I saw “Made in China”


What I saw: “Made in China,” a puppet musical for adults, at the 59 East 59th Street Theater, way off-Broadway, in New York City.


What I did beforehand: riding lesson. Shower. Frenzied packing. Brief dog walk. Train ride, where I had a haunting thought as we pulled out of the stop at White Plains, and chanted silently to myself, “we should have done more to stop him,” the whole way to Harlem. Walked up 5th Avenue, behind block after block of police barricades, as if I needed more of a reminder of the disaster we didn’t prevent. 

What I wore: Fluevog boots, James jeans, two black tops I bought at a boutique in TriBeCa and cut the tags out of, vintage earrings, scarf the Bacon Provider bought me from India, Eileen Fisher summer weight cardigan because it was unseasonably warm, black parka just in case.

Who went with me: the Bacon Provider.



How I got tickets: I got two of the last seats available about a week ago, online. 

Why I saw this show: a positive review in the New York Times.

Where I sat: Row B, seat 13, on the end, behind my husband. Next to me was a stylish young woman wearing shoes I envied and a menswear hat; she was telling her companion about this powerful and sexually voracious woman at work who sexually harasses everyone, young men and women alike.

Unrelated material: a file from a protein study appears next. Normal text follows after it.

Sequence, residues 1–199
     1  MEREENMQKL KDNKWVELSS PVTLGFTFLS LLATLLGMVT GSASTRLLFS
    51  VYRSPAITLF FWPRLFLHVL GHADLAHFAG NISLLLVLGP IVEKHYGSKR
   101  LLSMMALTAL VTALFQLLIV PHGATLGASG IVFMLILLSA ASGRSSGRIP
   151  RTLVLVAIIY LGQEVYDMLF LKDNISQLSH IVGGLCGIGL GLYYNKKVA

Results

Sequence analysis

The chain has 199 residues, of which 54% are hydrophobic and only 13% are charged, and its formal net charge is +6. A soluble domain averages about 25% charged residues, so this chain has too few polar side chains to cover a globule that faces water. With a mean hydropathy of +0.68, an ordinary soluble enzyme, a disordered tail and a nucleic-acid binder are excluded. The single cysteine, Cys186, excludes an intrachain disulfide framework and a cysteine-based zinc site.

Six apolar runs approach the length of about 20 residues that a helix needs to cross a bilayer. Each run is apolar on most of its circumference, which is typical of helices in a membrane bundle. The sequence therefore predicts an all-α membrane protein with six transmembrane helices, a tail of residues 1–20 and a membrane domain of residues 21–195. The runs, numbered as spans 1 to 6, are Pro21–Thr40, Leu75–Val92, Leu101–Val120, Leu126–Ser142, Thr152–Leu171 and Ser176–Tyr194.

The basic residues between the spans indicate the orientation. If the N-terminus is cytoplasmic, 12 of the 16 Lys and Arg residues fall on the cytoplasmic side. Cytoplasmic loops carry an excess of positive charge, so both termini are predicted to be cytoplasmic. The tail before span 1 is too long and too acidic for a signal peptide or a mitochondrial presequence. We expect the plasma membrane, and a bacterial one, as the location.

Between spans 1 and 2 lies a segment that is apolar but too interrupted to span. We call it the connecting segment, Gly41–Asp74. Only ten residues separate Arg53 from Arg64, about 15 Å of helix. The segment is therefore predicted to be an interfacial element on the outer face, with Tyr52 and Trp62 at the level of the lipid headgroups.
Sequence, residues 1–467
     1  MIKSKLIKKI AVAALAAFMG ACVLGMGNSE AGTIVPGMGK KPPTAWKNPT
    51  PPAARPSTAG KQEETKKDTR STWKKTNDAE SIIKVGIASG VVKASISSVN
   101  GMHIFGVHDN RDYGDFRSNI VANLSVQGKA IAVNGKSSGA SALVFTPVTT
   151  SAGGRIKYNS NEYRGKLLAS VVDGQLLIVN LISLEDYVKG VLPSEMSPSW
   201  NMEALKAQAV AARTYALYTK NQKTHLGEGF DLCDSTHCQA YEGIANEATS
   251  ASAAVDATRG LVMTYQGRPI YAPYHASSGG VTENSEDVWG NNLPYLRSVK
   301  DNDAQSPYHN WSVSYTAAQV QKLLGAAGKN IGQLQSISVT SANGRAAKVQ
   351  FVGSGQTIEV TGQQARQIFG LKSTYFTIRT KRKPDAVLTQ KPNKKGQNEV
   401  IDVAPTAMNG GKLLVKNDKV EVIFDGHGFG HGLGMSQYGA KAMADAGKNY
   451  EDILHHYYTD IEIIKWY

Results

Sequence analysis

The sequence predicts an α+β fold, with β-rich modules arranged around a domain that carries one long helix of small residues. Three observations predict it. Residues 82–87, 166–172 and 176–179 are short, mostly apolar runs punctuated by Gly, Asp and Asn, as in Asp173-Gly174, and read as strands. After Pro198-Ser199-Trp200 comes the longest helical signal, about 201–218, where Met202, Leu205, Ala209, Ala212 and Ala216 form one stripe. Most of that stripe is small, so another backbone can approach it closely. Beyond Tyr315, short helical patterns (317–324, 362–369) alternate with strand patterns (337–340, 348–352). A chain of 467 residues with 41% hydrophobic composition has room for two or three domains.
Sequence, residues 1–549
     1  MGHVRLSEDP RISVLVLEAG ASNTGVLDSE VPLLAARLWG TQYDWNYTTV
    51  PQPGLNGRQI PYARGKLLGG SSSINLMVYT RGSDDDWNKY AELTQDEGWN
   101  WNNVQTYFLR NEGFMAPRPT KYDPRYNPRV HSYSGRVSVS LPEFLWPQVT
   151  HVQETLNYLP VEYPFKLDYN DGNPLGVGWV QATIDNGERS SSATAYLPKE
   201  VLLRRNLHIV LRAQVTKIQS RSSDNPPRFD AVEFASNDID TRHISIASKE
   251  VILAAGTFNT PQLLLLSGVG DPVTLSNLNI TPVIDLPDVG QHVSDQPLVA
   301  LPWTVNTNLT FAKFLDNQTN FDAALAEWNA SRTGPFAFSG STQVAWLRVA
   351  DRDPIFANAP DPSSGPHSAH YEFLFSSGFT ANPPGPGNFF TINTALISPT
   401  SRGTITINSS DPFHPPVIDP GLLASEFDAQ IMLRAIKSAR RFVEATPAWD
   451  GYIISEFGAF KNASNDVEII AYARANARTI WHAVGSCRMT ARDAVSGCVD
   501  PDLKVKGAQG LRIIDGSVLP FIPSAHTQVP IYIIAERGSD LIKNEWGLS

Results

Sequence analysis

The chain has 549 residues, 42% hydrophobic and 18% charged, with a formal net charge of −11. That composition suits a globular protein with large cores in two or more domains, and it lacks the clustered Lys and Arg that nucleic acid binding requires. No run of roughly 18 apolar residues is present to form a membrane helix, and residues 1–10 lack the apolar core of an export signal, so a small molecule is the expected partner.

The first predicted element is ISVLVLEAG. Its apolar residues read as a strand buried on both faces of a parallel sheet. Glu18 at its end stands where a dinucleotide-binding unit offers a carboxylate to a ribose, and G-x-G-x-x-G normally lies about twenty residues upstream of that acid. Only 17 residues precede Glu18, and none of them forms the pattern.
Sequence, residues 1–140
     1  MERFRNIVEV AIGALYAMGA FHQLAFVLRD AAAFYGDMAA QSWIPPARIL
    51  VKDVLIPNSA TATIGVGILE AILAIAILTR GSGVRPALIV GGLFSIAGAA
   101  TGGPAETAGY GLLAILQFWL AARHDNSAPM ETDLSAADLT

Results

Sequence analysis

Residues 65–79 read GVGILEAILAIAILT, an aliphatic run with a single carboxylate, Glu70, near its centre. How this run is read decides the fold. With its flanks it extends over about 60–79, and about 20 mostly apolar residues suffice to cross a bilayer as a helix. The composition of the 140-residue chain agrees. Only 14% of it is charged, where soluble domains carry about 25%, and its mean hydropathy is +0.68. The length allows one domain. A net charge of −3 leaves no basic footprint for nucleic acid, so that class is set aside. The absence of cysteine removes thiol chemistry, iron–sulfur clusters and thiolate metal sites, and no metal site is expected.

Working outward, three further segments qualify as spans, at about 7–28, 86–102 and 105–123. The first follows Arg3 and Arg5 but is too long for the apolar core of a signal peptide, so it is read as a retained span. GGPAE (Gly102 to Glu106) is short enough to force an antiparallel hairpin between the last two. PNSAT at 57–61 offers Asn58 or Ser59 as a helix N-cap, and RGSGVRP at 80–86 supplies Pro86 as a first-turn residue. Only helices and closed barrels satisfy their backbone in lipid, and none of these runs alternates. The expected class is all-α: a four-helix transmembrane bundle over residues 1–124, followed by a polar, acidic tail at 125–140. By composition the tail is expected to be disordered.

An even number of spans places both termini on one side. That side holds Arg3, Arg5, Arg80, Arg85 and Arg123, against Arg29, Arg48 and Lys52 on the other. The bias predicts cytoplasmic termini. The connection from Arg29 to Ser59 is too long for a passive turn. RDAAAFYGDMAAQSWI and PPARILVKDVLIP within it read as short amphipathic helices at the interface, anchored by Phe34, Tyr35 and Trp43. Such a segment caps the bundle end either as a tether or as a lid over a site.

Things that were sad: another play about lonely people.

Things that were funny: naked puppets, cussing puppets, wrestling puppets, puppets on (and in) the toilet, a puppet dog humping another dog, a puppet dog with a real retractible red rocket, puppets having sex, a song about impulse shopping, another song featuring a familiar pussy-grabber’s stump-speech snippets about China, and my laughter making the woman in the hat next to me laugh even louder than I was. 

Also, when we got a beer at the bar before the show, I offered the bartender a pocket copy of the U.S. Constitution, because I carry a stack of them in my purse. “Oh, yeah, I might need that,” he said. 
I got mine from the ACLU.

Things that were not funny: references to human rights abuses and our reliance on cheaply made Chinese goods.

Something I ate: a whole roasted branzino at the nearby Rotisserie Georgette, where four other tables were celebrating birthdays.


What it is: a funny and weirdly fantastic musical about loneliness, human rights, consumerism, and getting along with our neighbors. lasting about an hour and a half, with no intermission.

Who should see it: people who watch TV naked, fans of Avenue Q, kung fu film buffs, devotees of dragon dancers, toilet humor fanciers, Trump satire freaks, human rights experts, disciples of anti-consumerism.

What I saw on the way home: a Windows Media error message on a number of large monitors in a shop window on 5th Avenue, which made my husband laugh.


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